Foliar feeding is a real effect but it has limits. It
is not used to provide all mineral nutrients except
possibly for epiphytes that have no root systems. It
can give crops a boost in mineral nutrients and
prevent or overcome certain deficiencies.
Micronutrient deficiencies in particular are often
solved by foliar feeding, especially iron deficiency,
called iron chlorosis, where there is plenty of iron
in the soil, it just is not available to the roots.
Other deficiencies that foliar feeding has corrected
include boron in plums and calcium in tomato fruit
(blossum end rot) and apple fruit (bitter pit). The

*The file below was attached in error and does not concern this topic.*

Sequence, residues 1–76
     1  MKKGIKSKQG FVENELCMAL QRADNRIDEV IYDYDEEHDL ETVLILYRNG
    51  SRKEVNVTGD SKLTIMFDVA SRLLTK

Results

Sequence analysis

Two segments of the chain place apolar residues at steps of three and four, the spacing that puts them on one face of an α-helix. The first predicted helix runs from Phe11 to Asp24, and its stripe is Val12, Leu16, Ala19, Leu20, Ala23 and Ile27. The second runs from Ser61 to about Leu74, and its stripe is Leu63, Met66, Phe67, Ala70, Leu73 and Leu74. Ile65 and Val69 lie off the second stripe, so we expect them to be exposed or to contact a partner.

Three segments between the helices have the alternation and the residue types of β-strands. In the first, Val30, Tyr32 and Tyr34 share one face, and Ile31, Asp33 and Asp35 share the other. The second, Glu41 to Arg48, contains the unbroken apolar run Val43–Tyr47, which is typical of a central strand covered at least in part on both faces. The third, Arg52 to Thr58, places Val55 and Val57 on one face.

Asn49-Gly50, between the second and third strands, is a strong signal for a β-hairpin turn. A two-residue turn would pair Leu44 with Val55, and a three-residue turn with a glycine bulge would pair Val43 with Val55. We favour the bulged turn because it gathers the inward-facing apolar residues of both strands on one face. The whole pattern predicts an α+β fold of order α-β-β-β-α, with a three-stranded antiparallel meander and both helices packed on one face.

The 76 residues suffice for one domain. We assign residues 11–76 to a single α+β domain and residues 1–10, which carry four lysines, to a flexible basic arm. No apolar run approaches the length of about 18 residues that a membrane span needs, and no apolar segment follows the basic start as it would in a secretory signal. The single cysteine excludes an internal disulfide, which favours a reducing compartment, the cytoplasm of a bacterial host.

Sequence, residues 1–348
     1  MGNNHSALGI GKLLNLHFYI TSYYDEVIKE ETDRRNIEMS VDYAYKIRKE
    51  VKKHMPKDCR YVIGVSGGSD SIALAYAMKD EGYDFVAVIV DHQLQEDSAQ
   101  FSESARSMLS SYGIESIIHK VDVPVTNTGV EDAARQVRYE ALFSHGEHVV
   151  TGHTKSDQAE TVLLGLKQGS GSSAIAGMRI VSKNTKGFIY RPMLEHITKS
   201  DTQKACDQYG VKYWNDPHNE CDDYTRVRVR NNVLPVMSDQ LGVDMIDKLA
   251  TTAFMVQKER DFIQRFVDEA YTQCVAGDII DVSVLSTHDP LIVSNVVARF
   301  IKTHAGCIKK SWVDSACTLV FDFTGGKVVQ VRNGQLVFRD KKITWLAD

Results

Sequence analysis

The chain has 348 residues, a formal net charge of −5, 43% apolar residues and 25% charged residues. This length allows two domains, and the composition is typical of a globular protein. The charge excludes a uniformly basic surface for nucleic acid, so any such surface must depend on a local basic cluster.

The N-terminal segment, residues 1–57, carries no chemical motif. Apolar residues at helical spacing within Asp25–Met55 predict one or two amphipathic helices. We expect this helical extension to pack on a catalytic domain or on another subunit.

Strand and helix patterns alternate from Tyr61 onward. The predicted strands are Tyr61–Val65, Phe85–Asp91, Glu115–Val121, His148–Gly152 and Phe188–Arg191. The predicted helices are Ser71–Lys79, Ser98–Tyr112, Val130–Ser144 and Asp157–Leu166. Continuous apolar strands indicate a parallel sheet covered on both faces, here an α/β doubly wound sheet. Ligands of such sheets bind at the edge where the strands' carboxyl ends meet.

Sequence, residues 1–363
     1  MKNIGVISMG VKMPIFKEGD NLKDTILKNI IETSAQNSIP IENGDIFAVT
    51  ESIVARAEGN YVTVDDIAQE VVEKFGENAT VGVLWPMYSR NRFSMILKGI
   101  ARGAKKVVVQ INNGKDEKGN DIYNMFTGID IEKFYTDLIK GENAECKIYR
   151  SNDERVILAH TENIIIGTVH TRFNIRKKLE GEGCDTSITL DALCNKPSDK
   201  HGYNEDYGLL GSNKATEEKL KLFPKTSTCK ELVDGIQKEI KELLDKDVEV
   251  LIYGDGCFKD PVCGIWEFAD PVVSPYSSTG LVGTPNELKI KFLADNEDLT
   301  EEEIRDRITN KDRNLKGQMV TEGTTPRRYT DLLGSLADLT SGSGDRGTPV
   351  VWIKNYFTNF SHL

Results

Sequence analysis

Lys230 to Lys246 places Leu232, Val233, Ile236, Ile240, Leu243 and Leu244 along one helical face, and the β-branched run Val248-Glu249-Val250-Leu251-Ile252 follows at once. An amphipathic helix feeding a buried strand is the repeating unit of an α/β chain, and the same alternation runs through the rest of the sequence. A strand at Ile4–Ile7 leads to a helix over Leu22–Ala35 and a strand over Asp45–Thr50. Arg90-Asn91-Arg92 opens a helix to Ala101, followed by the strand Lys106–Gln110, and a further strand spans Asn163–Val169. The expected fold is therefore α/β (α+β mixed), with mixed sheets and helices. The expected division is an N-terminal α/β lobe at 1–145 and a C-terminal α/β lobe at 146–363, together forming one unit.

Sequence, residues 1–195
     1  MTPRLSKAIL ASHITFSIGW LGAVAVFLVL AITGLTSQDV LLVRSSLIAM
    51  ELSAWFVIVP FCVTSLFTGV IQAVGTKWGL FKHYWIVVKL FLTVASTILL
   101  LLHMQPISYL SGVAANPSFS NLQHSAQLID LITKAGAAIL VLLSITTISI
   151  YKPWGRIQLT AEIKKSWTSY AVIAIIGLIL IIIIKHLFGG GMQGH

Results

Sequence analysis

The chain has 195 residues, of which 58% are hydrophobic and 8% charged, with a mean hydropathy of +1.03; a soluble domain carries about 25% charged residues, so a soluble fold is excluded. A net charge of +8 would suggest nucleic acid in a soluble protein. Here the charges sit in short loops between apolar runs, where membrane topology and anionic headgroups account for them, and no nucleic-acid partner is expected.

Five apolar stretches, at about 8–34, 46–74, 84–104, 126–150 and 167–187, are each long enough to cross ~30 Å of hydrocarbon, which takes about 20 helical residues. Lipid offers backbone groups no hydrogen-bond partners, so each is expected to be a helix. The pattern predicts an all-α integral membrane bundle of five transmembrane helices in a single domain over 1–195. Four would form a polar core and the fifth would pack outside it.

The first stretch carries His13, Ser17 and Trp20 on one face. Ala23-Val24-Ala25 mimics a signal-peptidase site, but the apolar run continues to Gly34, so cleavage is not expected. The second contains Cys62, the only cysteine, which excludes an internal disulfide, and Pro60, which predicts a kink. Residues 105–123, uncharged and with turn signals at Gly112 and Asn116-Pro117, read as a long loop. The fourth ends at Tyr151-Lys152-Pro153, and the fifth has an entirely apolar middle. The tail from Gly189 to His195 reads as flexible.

calcium deficiency in fruits cannot be corrected
quickly by adding calcium to the soil because the
fruit has such a low transpiration rate. California
citrus crops are often given a urea-zinc spray to give
them a boost.
Traynor, Joe. 1980. Ideas in Soil and Plant Nutrition.
Bakersfield, CA: Kovak Books. has a practical chapter
on foliar fertilization.
Alexander, A. (ed.) 1986. Foliar Fertilization.
DEVELOPMENTS IN PLANT AND SOIL SCIENCES Volume 22
Search for foliar feeding and foliar fertilization on
Try the agricola database for foliar feeding research
Probably the computerized Science Citation Index would
be a good place to look as well.
Blossum end rot in tomato
Cork Spot and Bitter Pit in Apples
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